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The way our brains age helps us develop more self-control as we get older

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More separated and integrated at the same time

This image is a rendering of diffusion tractography, which was used to reconstruct the anatomical pathways in each participant's brain.
Image: Baum et al.

I’m much better at controlling myself now than I was when I was a kid. I’m more organized and less impulsive. Why is that? What happened in my brain to make this happen?

A study published yesterday in Current Biology could have a clue. Scientists studied the changes that happen in the brain as kids become adults. During this process is where they, hopefully, also become much more well-behaved. In a sense, scientists analyzed the physical changes that occur as “executive function” — the set of skills associated with greater discipline and focus — develops. Executive function skills are crucial; they play a role in everything from drug use to how much education a person completes.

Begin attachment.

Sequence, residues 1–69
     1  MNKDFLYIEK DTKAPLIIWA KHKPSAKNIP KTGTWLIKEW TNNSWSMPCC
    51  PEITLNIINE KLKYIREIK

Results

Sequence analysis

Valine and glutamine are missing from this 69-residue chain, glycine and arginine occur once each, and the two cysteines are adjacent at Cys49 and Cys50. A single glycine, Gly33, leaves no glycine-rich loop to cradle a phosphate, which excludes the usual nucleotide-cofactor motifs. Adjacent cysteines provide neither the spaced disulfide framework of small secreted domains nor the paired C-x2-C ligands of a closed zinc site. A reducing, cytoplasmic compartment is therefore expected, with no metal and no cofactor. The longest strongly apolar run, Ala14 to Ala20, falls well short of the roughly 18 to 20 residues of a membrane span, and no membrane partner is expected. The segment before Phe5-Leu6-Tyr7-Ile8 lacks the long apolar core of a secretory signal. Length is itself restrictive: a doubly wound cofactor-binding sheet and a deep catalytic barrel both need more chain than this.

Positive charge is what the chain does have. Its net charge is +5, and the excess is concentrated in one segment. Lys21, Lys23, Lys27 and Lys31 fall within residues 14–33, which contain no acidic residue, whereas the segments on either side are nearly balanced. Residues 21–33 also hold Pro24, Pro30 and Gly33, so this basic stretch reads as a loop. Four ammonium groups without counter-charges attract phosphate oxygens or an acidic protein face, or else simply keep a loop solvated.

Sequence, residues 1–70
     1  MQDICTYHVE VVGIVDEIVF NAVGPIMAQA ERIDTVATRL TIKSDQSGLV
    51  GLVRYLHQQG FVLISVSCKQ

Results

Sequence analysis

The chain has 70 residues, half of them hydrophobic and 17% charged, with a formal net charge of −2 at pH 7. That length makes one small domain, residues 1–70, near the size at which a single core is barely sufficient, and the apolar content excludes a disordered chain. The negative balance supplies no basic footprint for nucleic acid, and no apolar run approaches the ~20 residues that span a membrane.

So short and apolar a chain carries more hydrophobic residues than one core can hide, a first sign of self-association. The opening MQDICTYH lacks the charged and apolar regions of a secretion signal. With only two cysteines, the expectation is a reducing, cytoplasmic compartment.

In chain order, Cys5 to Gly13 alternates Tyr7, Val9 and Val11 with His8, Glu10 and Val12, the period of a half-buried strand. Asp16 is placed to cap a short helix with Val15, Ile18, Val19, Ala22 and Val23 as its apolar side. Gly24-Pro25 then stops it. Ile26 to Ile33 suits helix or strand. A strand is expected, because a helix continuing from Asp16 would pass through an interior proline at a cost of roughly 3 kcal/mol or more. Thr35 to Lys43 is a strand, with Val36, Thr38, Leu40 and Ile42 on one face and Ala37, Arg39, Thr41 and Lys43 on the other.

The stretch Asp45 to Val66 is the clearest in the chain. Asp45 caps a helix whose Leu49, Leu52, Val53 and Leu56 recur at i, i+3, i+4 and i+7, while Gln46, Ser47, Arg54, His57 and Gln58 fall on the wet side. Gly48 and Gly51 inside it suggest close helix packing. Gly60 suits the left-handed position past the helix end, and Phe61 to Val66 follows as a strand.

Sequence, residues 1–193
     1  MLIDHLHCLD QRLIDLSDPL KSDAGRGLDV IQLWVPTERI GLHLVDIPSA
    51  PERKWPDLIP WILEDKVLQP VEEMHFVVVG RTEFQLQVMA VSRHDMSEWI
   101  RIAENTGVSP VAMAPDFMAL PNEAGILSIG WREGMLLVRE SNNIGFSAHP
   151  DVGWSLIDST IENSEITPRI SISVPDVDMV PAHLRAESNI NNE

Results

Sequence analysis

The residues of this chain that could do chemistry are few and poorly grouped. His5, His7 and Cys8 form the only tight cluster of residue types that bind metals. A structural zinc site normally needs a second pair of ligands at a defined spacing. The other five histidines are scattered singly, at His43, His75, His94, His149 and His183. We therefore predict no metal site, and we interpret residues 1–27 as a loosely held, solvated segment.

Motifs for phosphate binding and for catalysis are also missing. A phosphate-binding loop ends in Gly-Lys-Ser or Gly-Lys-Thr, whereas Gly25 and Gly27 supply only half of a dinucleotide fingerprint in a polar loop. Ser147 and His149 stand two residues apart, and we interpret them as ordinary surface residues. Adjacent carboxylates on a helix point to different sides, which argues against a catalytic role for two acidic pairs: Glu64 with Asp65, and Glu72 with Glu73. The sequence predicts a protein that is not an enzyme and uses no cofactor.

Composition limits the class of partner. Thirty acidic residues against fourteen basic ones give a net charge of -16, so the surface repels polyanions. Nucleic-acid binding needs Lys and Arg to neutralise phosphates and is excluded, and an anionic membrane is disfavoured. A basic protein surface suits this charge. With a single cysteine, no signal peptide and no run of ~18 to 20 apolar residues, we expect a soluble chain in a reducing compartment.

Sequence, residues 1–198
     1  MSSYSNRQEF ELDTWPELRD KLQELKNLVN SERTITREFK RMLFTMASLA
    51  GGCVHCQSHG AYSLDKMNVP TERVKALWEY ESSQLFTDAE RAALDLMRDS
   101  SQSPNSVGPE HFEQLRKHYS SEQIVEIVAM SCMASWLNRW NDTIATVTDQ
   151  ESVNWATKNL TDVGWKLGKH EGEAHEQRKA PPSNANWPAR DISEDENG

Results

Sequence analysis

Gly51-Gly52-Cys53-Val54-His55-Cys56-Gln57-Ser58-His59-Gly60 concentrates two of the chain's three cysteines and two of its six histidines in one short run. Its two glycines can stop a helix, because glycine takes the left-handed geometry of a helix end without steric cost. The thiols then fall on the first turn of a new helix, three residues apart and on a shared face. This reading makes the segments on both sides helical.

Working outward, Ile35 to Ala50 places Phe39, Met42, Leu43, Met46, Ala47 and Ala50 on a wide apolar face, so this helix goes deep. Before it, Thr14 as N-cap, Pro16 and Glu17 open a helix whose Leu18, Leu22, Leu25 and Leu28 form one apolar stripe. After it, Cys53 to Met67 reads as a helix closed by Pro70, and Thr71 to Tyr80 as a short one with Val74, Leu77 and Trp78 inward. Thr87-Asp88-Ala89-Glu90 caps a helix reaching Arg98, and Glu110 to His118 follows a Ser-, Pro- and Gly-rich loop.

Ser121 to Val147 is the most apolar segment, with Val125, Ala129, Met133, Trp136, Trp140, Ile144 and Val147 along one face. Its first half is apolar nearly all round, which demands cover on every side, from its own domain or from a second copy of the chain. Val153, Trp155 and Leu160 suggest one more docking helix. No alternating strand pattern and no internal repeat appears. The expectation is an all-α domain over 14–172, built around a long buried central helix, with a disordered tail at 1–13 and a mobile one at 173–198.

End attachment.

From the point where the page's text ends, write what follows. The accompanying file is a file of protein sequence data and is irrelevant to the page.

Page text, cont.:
The University of Pennsylvania team analyzed the brain scans of 882 people ages 8 to 22. (Their brains were imaged as part of a separate study of brain development.) By comparing the scans of younger brains with those of older brains, they saw two big changes. First, as the brains aged, different parts became segregated into “modules” that work more closely together.

But even though the brain was segregated into specialized modules, it wasn’t becoming fragmented. The brain overall was becoming more integrated because the connections between the modules were getting stronger.

This is a schematic depicting the development of modular yet integrated brain networks.
Image: Baum et al.

These findings provide more insight into how the brain becomes more complex. It could be potentially helpful for diagnosis: now that we know how a normal brain develops, it’s easier to see if a brain isn’t developing the way it should. Next, the scientists are studying whether this new information can be applied to help predict which children are likely to develop psychiatric disorders.